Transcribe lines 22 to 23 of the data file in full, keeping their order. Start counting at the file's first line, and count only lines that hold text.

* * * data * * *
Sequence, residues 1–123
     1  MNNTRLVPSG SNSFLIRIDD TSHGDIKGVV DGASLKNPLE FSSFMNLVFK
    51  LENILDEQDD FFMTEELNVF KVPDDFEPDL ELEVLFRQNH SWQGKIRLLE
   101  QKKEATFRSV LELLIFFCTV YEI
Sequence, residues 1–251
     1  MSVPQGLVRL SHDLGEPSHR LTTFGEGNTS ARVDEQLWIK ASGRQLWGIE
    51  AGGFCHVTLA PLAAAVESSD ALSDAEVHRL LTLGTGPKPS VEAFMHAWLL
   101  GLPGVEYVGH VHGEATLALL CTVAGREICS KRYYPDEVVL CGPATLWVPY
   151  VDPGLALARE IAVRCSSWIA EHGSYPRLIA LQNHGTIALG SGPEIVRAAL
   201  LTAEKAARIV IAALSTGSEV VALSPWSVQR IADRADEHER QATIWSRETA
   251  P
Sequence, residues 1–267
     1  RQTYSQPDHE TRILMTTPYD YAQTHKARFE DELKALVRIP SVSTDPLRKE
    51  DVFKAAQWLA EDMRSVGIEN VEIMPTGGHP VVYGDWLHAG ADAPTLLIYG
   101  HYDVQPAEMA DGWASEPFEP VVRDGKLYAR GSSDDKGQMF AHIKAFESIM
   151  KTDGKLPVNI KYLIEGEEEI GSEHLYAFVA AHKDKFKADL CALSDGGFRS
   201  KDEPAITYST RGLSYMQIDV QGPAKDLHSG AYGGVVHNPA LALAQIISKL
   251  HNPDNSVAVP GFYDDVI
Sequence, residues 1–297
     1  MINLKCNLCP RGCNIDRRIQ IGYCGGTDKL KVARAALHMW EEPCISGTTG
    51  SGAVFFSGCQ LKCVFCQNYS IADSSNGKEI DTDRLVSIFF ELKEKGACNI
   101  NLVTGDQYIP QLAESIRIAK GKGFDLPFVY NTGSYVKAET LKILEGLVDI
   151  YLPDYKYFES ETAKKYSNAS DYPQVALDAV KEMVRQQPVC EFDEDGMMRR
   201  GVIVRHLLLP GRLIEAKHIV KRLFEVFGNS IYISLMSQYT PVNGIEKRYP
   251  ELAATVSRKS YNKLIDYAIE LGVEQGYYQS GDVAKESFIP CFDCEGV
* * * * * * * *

   101  NLVTGDQYIP QLAESIRIAK GKGFDLPFVY NTGSYVKAET LKILEGLVDI
   151  YLPDYKYFES ETAKKYSNAS DYPQVALDAV KEMVRQQPVC EFDEDGMMRR